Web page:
New apartment prices in Sendai 20% higher than bubble era


New condominium prices in the Sendai area continue to surge, with the average price in the first half of 2015 increasing by 10% from the previous year to 42,620,000 Yen (343,000 USD). This price is now around 40% higher than pre-Tohoku earthquake prices and 20% higher than prices during Japan’s asset price bubble in the late 1980s.

Construction costs have increased following the disaster due, but the increase in prices has been met with an increase in demand and a relative shortage in supply of new construction.

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New apartment prices in Sendai now higher than the the peak of the bubble in 1991

According to advertising firm DG Communications, the average price of a brand new apartment in greater Sendai in 2013 was 35,599,000 Yen, up 7.3% from 2012. This is now 0.7% higher than the peak of 35,339,000 Yen seen in 1991 during Japan’s asset price bubble.

The average price per square meter was 468,200 Yen, up 9.0% from the previous year.

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Apartment prices skyrocket in Sendai

According to the latest data released by Tokyo Kantei, the average list price of a second-hand apartment in Sendai City in the first quarter of 2013 is 35.5% higher than in early 2011.

Prior to the Tohoku disaster, average apartment prices had dropped to 565,000 Yen per Tsubo* (171,200 Yen/sqm). Following the disaster, prices have since risen to 766,000 Yen per Tsubo (232,100 Yen/sqm).

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The leaning tower of Sendai

Sunny Heights Takasago, a 14-storey, 189 unit apartment building in Sendai City, suffered serious damage during the March 11 Earthquake which left it tilting on an angle.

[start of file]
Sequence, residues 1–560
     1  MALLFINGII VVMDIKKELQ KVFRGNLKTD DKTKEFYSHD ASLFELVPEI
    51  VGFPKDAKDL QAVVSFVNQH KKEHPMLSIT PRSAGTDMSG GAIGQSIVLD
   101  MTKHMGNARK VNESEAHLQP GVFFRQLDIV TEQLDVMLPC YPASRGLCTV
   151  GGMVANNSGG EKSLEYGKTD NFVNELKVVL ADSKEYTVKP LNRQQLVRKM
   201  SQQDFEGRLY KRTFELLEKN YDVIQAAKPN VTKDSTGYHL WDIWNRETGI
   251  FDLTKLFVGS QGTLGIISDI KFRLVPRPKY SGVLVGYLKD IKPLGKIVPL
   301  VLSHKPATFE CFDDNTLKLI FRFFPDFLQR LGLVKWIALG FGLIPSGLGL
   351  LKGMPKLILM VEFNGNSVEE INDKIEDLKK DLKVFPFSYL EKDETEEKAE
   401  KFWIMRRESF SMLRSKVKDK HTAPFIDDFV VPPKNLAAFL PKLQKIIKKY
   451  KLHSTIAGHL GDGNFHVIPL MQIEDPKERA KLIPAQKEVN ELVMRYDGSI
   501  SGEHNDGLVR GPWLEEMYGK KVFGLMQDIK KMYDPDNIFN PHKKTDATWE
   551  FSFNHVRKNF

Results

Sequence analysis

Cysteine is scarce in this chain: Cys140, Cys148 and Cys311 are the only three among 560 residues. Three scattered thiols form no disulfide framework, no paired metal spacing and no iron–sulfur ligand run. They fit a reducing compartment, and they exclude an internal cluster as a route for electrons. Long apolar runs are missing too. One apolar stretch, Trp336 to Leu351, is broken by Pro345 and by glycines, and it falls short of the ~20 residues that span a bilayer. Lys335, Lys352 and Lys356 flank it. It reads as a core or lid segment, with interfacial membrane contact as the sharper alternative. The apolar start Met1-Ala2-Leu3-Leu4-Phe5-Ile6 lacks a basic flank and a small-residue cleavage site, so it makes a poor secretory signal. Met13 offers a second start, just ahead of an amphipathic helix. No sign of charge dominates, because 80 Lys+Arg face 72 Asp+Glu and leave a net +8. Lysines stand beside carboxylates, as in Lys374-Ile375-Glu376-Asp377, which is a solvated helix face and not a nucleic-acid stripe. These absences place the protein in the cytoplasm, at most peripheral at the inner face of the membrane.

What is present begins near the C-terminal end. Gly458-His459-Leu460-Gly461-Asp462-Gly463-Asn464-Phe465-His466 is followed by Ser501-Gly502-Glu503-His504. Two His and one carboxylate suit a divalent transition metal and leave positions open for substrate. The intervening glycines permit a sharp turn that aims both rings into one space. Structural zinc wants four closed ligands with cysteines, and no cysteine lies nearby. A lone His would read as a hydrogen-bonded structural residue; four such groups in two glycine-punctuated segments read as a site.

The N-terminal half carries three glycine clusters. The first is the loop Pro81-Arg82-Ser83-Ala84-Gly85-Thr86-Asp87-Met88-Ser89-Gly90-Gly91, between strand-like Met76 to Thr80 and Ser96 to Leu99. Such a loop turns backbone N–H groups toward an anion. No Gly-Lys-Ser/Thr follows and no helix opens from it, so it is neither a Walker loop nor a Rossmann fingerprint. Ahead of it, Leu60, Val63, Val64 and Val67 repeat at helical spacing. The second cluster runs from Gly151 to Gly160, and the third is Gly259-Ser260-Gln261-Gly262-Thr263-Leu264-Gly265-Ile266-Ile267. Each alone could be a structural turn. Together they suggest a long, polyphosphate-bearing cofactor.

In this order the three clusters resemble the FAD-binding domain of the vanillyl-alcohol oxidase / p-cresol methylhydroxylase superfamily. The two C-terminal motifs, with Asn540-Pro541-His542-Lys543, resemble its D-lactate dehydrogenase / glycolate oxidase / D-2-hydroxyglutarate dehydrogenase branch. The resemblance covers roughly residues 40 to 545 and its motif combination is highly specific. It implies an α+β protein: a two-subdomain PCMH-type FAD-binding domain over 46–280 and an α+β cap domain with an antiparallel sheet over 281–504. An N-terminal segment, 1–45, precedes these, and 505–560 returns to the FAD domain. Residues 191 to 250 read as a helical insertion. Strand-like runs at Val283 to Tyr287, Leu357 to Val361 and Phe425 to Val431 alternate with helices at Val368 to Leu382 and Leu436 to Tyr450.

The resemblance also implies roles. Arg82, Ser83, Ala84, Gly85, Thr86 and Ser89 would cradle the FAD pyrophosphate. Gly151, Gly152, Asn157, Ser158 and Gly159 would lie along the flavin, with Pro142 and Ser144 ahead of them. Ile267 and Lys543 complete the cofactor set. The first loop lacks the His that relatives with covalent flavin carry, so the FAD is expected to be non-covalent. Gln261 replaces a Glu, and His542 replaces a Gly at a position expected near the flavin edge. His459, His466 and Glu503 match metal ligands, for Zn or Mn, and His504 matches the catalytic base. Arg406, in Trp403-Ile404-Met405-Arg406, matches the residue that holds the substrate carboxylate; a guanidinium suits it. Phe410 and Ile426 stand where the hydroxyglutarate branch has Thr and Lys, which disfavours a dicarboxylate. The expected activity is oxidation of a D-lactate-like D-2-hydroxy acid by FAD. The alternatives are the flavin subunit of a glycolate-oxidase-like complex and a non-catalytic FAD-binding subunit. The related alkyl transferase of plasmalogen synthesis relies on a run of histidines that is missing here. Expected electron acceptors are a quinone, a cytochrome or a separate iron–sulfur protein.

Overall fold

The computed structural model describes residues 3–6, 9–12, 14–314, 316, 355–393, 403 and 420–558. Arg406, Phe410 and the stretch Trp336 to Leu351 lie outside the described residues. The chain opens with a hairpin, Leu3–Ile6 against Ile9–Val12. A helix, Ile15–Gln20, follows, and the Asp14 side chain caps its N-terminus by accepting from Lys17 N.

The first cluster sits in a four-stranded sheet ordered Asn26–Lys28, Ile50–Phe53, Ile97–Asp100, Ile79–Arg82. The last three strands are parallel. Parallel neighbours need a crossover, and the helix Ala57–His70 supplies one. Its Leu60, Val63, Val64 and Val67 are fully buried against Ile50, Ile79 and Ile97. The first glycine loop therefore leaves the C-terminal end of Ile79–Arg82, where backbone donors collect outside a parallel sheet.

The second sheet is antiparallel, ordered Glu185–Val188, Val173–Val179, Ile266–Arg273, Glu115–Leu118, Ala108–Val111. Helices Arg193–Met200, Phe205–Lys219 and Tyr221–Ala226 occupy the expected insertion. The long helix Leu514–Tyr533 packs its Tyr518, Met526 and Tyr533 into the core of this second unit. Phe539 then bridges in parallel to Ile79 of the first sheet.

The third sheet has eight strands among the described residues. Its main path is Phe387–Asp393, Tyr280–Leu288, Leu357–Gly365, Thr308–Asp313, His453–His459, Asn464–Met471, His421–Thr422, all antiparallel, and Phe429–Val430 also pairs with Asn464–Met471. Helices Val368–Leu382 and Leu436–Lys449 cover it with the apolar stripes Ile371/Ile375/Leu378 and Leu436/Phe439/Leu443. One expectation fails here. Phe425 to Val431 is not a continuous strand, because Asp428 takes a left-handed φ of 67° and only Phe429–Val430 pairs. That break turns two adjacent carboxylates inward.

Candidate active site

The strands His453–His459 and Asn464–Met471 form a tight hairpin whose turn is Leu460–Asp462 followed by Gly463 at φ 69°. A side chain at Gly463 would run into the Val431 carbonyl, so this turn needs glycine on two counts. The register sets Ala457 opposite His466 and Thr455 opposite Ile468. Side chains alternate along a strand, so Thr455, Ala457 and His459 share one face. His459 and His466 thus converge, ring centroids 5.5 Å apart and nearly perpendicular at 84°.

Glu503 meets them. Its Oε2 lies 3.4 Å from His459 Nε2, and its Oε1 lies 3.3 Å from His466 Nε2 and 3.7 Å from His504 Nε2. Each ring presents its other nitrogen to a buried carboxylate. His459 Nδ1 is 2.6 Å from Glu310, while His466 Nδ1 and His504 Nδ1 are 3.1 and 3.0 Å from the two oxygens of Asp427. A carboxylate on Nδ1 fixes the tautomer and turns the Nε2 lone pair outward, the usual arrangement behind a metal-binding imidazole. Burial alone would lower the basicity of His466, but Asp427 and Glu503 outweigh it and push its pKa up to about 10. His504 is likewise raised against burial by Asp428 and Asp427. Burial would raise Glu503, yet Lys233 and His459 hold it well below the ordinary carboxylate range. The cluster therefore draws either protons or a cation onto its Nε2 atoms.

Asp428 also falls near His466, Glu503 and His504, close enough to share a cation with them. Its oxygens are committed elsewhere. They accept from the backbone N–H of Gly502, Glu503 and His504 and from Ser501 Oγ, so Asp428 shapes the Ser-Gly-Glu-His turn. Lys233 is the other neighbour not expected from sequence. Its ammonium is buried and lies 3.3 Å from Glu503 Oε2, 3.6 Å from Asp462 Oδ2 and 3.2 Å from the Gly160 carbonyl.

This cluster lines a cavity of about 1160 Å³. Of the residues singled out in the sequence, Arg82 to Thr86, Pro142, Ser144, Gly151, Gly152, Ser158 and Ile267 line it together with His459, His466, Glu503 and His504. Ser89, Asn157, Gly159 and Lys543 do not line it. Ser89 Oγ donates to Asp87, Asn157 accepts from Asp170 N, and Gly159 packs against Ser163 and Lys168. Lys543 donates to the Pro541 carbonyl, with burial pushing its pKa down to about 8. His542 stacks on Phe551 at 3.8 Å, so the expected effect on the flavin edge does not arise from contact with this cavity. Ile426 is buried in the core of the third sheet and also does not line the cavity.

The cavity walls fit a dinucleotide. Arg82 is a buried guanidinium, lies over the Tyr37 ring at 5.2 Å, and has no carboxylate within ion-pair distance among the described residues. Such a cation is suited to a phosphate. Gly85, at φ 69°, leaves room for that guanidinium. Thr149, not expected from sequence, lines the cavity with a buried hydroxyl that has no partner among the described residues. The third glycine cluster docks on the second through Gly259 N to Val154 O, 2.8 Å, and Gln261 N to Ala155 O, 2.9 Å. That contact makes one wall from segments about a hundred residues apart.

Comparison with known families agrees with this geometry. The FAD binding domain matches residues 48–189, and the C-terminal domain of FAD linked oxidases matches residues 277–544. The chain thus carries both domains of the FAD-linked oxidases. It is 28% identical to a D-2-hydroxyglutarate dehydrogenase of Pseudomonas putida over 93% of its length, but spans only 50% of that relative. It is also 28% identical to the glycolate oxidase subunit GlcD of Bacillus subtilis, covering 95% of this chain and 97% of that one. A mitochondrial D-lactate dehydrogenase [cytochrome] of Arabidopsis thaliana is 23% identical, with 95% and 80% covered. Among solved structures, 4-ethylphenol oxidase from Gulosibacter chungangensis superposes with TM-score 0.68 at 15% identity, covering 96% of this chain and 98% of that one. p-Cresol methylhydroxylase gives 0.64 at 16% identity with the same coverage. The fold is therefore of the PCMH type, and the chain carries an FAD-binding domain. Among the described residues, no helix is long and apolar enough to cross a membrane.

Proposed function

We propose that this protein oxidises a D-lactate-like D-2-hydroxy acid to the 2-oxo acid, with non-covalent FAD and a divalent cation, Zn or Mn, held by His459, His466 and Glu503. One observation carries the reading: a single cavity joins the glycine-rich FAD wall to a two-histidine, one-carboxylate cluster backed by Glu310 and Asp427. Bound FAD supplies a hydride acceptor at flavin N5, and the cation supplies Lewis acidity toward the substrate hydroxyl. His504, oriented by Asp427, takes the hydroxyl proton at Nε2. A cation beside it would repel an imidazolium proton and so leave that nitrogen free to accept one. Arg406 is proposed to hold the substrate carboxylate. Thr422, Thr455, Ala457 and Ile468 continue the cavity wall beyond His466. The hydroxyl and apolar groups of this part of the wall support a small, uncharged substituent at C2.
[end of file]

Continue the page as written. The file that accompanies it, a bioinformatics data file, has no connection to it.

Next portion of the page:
Following the earthquake, 400 residents evacuated their apartments and stayed in the 1st floor meeting area or at the nearby school hall. The pillars in Sunny Heights had developed cracks and the reinforcing steel was poking out of the concrete. From a distance it was easy to see how much the building was leaning.

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Temporary upswing in real estate market in Sendai

The 2011 rosenka land valuations released by the National Tax Agency on July 1st showed a decline in land prices across Japan for the third continuous year. Concern is rising, however, over a large scale crash in prices in areas of Northern Japan that were affected by the Tsunami and Fukushima Daiichi Nuclear Power Plant where real estate transactions have almost ceased.

Sendai City, on the other hand, is experiencing a hike in emergency demand from displaced residents.

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